Right now, polling suggests that Republican Marco Rubio has a significant lead over Republican-turned-Independent Gov. Charlie Crist and the Democratic nominee, Miami Congressman Kendrick Meek. Crist led for the two months preceding the Democratic primary, and then the tables turned. Now that Rep. Meek is becoming better known statewide, a large segment of the Crist Democratic vote is beginning to return home. Thus, as Meek gains support, Crist loses it, and Rubio continues to unify conservatives and tick upward. Therefore, in order to position himself with a chance to win, Meek must first overtake Crist and hope for a roughly even split among the three candidates. Theoretically, such a mix could elect a Democrat against a Republican and former Republican.

Ohio Takes Shape

Two new surveys were released yesterday covering the Ohio Senate and Governor’s races with both pollsters coming to almost identical conclusions.

The CBS News/New York Times poll of 1,114 adults, 973 of whom were registered voters and 941 who characterized themselves as likely to participate in the November 2nd election, was conducted during the September 23-27 period. An Ipsos/Reuters poll (9/23-25; 600 registered OH voters; 440 of whom are likely to vote in the upcoming general election) was simultaneously in the field.

Both polls show former Bush Budget Director and Congressman Rob Portman opening up a large lead over Democratic Lt. Gov. Lee Fisher, while Gov. Ted Strickland has battled back into a draw with GOP former Rep. John Kasich.

The fact that two separate polls, conducted during the same time period, would draw exactly the same conclusions on these two diverse races actually confirms the accuracy of both polls. Particularly when considering last week’s data, it is clear that Rob Portman now has a substantial lead in the Senate race and could be close to finishing off his opponent, while both candidates in the Governor’s race are still very much alive.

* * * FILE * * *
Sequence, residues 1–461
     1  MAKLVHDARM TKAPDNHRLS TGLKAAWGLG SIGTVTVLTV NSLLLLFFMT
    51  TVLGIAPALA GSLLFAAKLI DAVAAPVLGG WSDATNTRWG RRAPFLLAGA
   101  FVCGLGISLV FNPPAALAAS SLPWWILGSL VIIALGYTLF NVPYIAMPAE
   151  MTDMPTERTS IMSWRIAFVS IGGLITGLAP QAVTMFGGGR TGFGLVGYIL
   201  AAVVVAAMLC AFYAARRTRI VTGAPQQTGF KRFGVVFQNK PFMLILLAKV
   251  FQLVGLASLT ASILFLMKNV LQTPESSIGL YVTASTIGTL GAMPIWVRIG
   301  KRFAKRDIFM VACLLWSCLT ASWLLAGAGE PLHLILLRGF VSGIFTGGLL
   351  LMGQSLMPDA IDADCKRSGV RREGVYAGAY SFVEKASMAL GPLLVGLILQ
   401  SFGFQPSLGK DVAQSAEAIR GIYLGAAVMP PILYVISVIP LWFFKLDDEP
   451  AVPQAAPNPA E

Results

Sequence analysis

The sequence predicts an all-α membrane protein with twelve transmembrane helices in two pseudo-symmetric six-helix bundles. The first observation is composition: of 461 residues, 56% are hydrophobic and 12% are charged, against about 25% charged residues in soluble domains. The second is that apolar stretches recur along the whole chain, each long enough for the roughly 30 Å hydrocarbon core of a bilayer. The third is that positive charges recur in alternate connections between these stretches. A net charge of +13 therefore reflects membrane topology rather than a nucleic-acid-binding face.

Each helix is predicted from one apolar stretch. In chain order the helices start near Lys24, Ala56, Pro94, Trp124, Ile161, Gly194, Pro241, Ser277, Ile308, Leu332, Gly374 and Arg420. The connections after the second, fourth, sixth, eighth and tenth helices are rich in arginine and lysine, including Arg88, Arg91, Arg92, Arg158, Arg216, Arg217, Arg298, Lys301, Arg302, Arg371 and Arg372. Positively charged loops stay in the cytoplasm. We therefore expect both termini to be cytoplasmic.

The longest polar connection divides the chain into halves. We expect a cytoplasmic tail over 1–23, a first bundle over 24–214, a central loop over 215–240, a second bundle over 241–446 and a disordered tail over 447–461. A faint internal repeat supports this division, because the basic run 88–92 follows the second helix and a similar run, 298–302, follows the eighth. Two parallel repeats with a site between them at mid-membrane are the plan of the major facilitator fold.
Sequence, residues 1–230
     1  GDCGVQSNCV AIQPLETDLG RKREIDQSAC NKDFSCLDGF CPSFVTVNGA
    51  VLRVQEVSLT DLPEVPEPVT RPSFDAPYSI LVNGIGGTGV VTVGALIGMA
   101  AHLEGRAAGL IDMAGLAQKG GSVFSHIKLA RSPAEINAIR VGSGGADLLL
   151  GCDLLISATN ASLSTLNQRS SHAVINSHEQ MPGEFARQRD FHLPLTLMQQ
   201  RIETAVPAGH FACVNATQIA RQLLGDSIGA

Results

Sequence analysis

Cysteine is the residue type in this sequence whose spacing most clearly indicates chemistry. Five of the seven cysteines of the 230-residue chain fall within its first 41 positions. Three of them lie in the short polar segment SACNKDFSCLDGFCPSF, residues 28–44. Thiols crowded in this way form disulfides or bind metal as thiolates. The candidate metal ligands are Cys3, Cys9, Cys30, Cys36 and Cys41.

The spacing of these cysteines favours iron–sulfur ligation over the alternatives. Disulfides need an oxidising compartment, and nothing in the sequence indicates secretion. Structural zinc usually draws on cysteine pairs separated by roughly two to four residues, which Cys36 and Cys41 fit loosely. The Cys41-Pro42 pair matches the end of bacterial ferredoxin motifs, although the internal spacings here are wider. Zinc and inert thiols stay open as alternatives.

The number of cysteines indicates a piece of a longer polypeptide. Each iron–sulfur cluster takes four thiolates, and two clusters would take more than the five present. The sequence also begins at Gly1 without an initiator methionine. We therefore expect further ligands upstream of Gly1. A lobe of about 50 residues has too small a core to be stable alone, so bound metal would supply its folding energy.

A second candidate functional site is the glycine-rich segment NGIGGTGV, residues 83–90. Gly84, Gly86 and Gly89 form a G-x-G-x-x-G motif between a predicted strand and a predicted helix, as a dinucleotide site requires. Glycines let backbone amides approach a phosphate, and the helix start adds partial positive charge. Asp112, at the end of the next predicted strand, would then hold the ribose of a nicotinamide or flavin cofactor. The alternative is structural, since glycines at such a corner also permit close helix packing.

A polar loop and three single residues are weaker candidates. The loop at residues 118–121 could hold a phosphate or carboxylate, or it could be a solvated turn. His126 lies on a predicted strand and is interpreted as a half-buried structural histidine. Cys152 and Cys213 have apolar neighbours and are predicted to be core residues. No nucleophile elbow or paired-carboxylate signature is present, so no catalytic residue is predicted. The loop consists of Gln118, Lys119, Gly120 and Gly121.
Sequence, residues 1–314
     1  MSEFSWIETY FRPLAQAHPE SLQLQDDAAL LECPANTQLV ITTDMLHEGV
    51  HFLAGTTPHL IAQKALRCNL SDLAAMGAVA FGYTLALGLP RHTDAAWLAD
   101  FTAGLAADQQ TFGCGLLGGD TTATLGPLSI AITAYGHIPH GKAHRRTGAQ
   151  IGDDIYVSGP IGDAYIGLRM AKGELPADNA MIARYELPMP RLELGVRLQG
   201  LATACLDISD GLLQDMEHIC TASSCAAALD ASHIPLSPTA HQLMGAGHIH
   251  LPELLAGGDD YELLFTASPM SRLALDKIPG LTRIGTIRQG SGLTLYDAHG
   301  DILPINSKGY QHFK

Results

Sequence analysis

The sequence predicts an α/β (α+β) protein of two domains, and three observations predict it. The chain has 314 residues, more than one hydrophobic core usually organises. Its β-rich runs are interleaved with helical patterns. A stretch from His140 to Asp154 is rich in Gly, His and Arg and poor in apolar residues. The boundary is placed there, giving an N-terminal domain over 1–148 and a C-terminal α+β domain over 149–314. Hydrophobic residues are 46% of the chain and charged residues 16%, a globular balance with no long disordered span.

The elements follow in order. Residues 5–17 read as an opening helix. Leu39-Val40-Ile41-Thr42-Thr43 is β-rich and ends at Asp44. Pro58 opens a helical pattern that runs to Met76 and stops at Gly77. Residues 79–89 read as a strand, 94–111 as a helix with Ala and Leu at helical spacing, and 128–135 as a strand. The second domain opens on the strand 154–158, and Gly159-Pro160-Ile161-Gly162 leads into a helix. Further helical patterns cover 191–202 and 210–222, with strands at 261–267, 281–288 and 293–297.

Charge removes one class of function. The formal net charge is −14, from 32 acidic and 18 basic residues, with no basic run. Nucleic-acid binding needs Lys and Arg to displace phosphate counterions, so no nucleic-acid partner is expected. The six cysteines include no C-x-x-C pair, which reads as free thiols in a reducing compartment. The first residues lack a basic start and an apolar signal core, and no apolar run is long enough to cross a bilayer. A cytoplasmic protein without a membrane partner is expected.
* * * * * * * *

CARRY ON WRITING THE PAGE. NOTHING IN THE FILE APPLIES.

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Apportionment Changes Predicted

A new Election Data Services report detects changes in the predicted numbers of congressional seats that states will receive in the 2010 apportionment. The Census Bureau will officially announce the actual count in late December.

Previously, EDS and Polidata, Inc., the latter with offices in both Vermont and Washington, DC, each predicted that only two states would gain or lose more than one seat. Texas is slated for four new districts, bringing the Lone Star State total to 36 Representatives. Ohio is virtually assured of losing two, dropping their delegation to a total of 16 members.

Now, however, it appears that Florida, already predicted to gain one seat, will add a second new district. This will come at the expense of New York, which will now apparently drop a second seat instead of the one that was originally projected. Should these predictions prove accurate, both states will enter the new apportionment decade with 27 congressional districts (CDs).